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How much cruelty can you squeeze into a 150,000 word novel?
A huge amount, if that book is Lady Anna, written by Anthony Trollope at the astonishing rate of 16,500 words a week on a voyage from England to Australia between 25 May and 19 July 1871.
The plot (no spoilers follow) revolves around a conflict: should the eponymous heroine marry a low-born tailor; or a young earl, of her own class? She loves the tailor – or does she? Almost every other character in the book, especially her mother, believes she should marry the earl; and subject her to extraordinary pressure to bring about this result.
This is heavy stuff. As so often with Trollope, his female characters are often more attractive than his men, some of whom, like Anna’s father the earl, are vile:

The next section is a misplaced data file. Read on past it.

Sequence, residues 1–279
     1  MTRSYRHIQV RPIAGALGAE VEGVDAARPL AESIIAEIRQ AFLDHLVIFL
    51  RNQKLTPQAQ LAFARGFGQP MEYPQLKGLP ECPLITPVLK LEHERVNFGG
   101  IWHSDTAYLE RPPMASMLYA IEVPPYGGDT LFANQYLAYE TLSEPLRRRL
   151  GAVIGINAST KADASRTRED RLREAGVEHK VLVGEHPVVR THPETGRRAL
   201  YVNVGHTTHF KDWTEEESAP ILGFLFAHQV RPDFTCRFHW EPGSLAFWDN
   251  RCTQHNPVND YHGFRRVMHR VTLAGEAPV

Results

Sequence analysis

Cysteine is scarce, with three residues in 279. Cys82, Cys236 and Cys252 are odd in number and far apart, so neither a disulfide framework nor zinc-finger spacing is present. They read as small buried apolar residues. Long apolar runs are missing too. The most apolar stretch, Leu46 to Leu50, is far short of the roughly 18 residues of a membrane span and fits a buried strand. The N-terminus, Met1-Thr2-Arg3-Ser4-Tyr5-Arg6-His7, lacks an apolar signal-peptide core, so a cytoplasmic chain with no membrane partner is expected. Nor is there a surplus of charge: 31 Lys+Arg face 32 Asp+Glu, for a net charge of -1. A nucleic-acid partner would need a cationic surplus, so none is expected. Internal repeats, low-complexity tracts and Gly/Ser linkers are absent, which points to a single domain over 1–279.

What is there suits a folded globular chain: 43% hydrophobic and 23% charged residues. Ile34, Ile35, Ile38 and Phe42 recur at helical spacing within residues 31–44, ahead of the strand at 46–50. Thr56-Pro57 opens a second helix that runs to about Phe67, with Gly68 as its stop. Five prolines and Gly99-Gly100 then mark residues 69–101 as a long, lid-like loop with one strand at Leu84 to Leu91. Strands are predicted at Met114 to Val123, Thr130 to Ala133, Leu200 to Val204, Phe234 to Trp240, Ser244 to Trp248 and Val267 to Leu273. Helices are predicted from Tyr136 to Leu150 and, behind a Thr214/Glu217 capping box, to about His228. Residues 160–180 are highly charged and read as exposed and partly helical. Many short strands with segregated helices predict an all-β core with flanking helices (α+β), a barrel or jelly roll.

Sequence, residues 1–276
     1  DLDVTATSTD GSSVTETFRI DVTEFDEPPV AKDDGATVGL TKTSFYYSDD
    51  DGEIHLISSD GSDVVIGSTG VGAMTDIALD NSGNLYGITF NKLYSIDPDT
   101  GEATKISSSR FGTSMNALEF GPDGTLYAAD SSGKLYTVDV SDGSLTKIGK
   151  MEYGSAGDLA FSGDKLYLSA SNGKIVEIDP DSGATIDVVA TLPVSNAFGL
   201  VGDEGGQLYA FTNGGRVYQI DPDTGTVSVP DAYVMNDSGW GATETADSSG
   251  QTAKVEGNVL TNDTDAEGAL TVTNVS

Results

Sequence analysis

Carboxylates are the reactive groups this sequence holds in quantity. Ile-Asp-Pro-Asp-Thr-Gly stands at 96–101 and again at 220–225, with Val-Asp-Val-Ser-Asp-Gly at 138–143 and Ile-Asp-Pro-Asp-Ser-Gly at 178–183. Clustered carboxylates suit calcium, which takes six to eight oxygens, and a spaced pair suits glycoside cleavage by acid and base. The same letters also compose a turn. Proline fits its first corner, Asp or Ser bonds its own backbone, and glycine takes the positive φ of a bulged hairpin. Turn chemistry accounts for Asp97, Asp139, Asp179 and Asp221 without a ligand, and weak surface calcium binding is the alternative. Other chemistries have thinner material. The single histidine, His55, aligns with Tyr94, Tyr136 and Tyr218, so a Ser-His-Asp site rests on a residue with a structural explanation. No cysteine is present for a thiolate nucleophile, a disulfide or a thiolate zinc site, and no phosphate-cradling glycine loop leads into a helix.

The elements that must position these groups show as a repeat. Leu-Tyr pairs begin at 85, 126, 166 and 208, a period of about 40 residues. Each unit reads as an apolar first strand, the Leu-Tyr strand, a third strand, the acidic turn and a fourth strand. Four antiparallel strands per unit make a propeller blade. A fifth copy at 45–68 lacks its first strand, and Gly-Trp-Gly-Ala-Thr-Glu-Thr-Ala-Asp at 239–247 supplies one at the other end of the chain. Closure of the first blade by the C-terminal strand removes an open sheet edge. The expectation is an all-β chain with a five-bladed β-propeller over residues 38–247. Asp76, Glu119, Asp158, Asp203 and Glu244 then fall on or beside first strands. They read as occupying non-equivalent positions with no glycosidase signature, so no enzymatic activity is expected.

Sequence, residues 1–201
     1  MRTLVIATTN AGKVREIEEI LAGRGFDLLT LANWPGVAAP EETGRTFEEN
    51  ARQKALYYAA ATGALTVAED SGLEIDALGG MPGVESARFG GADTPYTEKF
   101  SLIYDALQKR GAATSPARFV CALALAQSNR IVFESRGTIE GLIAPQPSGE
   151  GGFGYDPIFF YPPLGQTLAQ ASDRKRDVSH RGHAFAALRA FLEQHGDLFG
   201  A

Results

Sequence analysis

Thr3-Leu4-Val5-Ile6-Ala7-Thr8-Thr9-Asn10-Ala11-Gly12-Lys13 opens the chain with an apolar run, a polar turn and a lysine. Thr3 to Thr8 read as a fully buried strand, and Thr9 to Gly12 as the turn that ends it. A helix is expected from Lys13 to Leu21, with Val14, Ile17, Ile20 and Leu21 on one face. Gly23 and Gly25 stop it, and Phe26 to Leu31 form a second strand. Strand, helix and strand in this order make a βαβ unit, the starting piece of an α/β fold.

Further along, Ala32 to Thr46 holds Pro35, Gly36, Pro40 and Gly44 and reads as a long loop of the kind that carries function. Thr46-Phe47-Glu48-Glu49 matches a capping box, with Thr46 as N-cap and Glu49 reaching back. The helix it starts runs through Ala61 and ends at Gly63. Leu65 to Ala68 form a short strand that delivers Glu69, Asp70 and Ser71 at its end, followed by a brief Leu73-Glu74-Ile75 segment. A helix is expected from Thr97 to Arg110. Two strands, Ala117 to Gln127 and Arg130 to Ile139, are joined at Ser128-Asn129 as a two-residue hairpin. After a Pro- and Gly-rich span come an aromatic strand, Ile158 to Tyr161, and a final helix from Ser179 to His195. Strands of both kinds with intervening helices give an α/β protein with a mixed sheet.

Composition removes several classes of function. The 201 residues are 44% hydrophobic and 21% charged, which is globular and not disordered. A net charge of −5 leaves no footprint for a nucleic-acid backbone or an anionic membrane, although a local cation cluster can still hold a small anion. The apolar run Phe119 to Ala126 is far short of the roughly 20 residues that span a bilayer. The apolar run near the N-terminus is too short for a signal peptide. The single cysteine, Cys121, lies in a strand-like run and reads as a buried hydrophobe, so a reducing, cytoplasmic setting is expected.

It must be told that the Earl was a man who had never yet spared a woman in his lust. It had been the rule, almost the creed of his life, that woman was made to gratify the appetite of man, and that the man is but a poor creature who does not lay hold of the sweetness that is offered to him… The life which he had led no doubt had had its allurements, but it is one which hardly admits of a hale and happy evening. Men who make women a prey, prey also on themselves. (more…)